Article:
Gaza is in intensive care. To say the Strip has become an ‘open prison’ is putting it mildly. But this is the only term that can be used. For Gaza to develop and give its people a modicum of respectability, things have to start moving quickly. There should be no foot-dragging anymore — or else an even worse humanitarian disaster is likely to unfold.
We need to come out of our lethargy when we hear that the Gaza economy is on the “verge of collapse” or “very troubling” with “people in despair”, and “grim”. And what about when people say the “economy can’t survive without being connected to the world”?
All these pay reference to the economic boycott Israel imposed on Gaza since 2007 and which it continues to do so stringently today.
This is part of the deep malaise. Another is the approaching first anniversary of Israel’s 51-day war on the Strip last year, and its crippling consequences. Today Gaza stands as a wasteland.
It’s Israel that is mainly responsible for ensuring Gaza continues in a state of chaos and drudgery: Bombed-out buildings, craters, homes razed to the ground, markets destroyed, factories shut down and infrastructure left completely in ruins, with civil society brought to its knees. It did this during its war and is doing so today through its stringent military control over the Strip — over land, sea or air.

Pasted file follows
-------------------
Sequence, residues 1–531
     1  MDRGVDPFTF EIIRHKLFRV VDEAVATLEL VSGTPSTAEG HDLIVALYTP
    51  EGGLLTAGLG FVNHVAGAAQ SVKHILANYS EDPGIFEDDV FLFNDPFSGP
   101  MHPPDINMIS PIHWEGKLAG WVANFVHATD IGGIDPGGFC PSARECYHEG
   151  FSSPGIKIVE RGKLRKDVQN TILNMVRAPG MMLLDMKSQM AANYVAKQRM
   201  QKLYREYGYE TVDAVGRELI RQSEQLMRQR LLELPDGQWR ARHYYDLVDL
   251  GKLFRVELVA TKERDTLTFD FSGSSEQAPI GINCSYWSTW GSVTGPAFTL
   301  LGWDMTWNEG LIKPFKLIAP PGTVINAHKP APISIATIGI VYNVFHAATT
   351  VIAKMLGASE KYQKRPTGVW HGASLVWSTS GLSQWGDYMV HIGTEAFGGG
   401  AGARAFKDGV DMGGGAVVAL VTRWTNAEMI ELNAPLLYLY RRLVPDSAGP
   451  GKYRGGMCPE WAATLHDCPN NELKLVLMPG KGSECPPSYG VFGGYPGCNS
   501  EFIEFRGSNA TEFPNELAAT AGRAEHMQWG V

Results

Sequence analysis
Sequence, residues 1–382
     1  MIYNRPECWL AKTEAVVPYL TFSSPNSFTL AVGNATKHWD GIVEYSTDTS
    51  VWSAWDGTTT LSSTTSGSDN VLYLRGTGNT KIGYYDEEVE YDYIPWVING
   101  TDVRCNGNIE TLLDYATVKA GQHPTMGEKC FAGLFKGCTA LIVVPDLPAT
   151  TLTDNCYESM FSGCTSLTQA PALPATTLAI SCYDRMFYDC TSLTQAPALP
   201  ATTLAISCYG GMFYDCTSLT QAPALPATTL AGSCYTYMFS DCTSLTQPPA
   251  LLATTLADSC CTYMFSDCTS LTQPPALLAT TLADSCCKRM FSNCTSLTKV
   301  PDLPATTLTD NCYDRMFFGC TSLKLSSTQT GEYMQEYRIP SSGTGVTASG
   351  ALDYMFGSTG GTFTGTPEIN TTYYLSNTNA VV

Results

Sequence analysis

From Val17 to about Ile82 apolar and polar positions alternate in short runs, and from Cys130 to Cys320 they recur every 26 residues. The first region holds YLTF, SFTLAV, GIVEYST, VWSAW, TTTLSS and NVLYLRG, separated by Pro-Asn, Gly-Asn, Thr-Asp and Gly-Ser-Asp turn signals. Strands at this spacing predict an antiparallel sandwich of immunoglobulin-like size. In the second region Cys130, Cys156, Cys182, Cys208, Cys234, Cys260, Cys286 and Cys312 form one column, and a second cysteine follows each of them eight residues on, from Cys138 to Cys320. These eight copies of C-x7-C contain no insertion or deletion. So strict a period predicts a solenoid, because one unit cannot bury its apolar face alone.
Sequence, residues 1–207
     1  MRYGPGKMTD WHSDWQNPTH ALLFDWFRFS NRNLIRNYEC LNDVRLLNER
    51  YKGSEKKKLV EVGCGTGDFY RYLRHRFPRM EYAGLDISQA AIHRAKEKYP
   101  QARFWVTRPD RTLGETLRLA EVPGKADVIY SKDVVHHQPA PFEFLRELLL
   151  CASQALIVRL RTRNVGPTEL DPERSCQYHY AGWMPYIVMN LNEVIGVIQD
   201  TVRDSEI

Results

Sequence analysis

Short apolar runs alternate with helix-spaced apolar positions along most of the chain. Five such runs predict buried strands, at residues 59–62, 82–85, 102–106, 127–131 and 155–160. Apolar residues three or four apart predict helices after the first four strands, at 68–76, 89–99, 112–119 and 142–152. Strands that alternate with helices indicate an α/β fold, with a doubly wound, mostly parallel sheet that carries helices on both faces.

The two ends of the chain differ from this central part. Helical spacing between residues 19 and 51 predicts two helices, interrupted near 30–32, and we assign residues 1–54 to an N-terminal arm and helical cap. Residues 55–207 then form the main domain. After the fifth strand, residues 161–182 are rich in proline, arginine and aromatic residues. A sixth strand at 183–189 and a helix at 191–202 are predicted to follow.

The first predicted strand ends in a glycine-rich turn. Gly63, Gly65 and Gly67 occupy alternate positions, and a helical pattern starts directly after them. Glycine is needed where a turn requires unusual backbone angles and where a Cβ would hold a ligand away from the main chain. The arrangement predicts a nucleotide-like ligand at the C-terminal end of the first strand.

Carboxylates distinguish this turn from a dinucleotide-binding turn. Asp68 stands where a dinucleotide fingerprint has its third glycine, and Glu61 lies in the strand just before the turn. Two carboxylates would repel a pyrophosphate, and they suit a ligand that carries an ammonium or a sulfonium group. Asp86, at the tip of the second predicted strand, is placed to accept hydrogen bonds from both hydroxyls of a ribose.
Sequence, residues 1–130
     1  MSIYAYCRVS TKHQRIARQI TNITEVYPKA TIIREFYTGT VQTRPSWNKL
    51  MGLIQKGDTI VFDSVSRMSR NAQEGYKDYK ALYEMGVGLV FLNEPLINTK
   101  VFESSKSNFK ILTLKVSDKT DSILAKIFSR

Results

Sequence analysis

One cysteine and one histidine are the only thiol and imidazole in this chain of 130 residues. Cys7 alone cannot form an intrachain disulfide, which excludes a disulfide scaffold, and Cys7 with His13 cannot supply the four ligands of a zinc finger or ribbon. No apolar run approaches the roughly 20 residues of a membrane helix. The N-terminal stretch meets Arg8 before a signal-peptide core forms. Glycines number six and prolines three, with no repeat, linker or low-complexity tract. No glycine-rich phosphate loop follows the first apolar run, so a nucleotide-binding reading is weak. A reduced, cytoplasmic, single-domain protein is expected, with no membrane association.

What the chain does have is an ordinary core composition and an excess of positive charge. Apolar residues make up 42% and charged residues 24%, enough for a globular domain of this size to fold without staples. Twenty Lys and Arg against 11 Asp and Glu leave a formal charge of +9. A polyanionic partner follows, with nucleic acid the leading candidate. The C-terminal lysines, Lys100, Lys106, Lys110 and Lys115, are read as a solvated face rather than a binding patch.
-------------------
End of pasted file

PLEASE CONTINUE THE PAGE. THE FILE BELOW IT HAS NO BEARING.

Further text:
Giving the people their self-respect
But all this is shortsighted, parochial and smacks of hatred. Come what may, Gaza has to be nurtured, a semblance of civil society has to be reinstituted, markets redeveloped, an economy rebuilt and its people given back their self-respect. They should not only be able to earn a decent living but also be able to look after their families. However, this is similar to building castles in the air, despite the fact that everybody agrees Gaza needs a reconstruction relaunch— the international community, the United States, Europe, the Arab countries and even Israel itself, to an extent, agree the situation must change.
Appeals are being made by the United Nations, the refugee agency UNRWA and the World Bank for more money to pour in. But sadly, for the most part, these appeals have fallen on deaf ears — dashing hopes of a brighter tomorrow. International aid of $5.4 billion (Dh19.83 billion) promised at a donor conference held in October 2014 in Cairo is barely trickling through, with less than $1 billion given so far.
The consequences are that little is being done on the ground, with drab, grey, ramshackle structures continuing to dominate the skyline and masses upon masses of debris reminding everybody of what Israel did in July and August 2014.
Thanks to its fighter jets, tanks and bombs, over 120,000 homes were destroyed — some completely, while others lie in a shambles. One wonders if all these really harboured ‘terrorists’ and ‘troublemakers’ as Israel claims or was it just a cynical attempt by a cynical power to undermine Palestinian identity.Families who can just about live in their demolished homes and not under the open sky have to make do with what they have in structures with exposed electrical wires, heightening the risk of them being electrocuted.